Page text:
- The National Indigenous Women's Resource Center, Inc. (NIWRC) is a Native nonprofit organization that was created specifically to serve as the National Indian Resource Center (NIRC) Addressing Domestic Violence and Safety for Indian Women.
- As a national expert, the Immigrant Legal Resource Center (ILRC) provides technical assistance, trainings and practice manuals on critical immigration options for vulnerable immigrants including immigrant victims of domestic violence, human trafficking and other crimes.
- Worker’s Rights and U Visas
- International and undocumented students, unlike their American citizen counterparts, face additional immigration considerations when filing Title IX complaints.
- “With approximately 19 million immigrant women and girls in the United States, nearly half of the foreign-born population is female. Unfortunately, many of these immigrant women, particularly those who are unauthorized, are vulnerable to abuse and exploitation. Immigrant women are more likely to experience exploitation while entering the country, while working, and even within their homes.”
- Through direct services, policy advocacy, and training and education, Tahirih protects immigrant women and girls and promotes a world where women and girls enjoy equality and live in safety and dignity.
Deaf Abused Women’s Network (DAWN)
- Legal, medical, system advocacy and survivor support services. Video Phone: 202.559.5366
- This organization addresses violence against women, human rights, genocide, and crime victims with disabilities.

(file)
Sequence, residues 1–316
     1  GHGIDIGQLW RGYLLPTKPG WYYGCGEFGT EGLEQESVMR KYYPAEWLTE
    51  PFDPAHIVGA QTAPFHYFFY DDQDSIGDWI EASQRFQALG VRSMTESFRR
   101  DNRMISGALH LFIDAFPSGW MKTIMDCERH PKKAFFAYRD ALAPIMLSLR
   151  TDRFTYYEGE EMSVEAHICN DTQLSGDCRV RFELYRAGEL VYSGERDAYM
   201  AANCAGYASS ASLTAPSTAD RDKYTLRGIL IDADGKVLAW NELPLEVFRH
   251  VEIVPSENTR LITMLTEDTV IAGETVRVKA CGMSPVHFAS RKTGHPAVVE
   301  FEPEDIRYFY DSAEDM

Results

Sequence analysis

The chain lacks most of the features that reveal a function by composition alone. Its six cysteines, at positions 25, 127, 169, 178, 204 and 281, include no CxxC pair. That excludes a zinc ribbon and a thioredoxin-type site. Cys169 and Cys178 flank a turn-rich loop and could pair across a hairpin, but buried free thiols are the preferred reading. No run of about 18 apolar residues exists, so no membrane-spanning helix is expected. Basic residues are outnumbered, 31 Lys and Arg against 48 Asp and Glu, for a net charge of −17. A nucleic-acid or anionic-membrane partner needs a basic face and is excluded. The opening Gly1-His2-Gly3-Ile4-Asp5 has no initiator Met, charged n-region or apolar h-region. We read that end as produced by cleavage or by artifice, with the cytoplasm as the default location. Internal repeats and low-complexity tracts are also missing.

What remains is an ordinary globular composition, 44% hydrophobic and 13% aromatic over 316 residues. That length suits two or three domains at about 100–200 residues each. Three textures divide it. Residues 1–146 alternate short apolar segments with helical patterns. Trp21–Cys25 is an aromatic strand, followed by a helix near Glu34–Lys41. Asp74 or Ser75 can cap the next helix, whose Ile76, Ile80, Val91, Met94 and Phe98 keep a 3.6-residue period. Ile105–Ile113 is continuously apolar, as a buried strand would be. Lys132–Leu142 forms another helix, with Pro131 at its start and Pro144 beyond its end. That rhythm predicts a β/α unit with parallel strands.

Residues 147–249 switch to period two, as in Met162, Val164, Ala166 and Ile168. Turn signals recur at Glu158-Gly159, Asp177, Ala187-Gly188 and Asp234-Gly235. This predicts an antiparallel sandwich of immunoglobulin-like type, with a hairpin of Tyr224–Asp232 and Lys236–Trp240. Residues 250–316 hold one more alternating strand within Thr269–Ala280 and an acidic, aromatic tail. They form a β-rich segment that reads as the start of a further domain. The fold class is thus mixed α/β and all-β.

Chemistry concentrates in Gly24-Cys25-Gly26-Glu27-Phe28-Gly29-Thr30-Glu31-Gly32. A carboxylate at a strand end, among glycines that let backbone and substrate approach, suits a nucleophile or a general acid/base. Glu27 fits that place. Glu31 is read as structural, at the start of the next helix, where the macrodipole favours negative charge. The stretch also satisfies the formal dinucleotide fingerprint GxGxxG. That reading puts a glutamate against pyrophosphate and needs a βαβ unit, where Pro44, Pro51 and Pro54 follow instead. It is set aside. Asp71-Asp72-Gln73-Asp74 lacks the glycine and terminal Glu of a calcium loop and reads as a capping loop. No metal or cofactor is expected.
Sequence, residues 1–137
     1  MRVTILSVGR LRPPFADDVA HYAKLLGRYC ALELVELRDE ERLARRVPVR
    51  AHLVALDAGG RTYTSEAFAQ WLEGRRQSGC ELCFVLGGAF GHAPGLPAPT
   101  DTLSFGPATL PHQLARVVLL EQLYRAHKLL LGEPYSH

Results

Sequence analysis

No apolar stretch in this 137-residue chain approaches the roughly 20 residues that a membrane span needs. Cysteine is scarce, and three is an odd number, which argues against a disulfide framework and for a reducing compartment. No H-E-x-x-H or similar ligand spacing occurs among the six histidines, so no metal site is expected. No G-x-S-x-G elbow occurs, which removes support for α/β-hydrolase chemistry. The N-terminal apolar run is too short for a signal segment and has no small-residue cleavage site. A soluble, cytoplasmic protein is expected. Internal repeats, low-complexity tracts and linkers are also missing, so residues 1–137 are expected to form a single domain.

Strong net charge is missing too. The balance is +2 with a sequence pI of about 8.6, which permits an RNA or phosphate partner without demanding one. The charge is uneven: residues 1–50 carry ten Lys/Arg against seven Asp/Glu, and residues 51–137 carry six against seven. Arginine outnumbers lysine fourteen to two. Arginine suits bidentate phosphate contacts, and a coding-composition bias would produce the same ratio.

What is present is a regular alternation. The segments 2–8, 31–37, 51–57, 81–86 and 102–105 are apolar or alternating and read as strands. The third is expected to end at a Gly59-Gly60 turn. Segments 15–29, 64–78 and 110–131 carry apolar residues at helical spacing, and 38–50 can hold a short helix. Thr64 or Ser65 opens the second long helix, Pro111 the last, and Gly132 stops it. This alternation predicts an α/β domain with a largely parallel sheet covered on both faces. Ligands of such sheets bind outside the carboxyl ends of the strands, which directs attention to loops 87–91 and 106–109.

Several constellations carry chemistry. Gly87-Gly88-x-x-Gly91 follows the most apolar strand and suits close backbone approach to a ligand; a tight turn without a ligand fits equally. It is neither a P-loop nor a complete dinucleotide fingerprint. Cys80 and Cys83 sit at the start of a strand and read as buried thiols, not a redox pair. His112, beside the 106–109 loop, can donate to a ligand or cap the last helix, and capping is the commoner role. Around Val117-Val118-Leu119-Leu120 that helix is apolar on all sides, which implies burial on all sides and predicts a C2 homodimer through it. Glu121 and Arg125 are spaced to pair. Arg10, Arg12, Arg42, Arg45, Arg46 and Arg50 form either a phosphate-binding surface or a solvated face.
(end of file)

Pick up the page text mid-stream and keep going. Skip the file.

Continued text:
- NDRN members investigate reports of abuse and neglect, and seek systemic change to prevent further incidents; advocate for basic rights; and ensure accountability in health care, education, employment, housing, transportation, and within the juvenile and criminal justice systems for individuals with disabilities.
- While limited research exists regarding the prevalence of domestic and sexual violence within the Deaf community, it is known that Deaf individuals experience violence at significant rates. The need for further research is clear, as well as the need for enhanced services and supports to meet the unique needs of Deaf survivors.
- Survivors of sexual violence with disabilities live in every community and can benefit from the full range of sexual assault services. 1 Yet, many abuse survivors with disabilities in our communities do not know about services or how to get help when they are sexually assaulted.
- If you’re an adult who experienced sexual abuse as a child, know that you are not alone. Every eight minutes, a child is sexually assaulted in the U.S.1, and 93 percent know the perpetrator2. Many perpetrators of sexual abuse are in a position of trust or responsible for the child’s care, such as a family member, teacher, clergy member, or coach. No matter what, the abuse was not your fault. It’s never too late to start healing from this experience
Adult Survivors of Child Abuse (ASCA SM) is an international self-help support group program designed specifically for adult survivors of neglect, physical, sexual, and/or emotional abuse. The ASCA SMprogram offers:
- Community based self-help support groups
- Provider based self-help support groups
- Web based self-help support groups
- Survivor to Thriver workbooks
- Recovery from child abuse is available, if we work for it. There are many paths to recovering from child abuse, and some of them cost almost no money at all. Then, too, there are benefits from getting assistance from the professional community trained to assist us. Furthermore, there are numerous government and non-profit groups we can turn to for help. The point is there are many paths to healing and many tools to consider using. We offer you hope.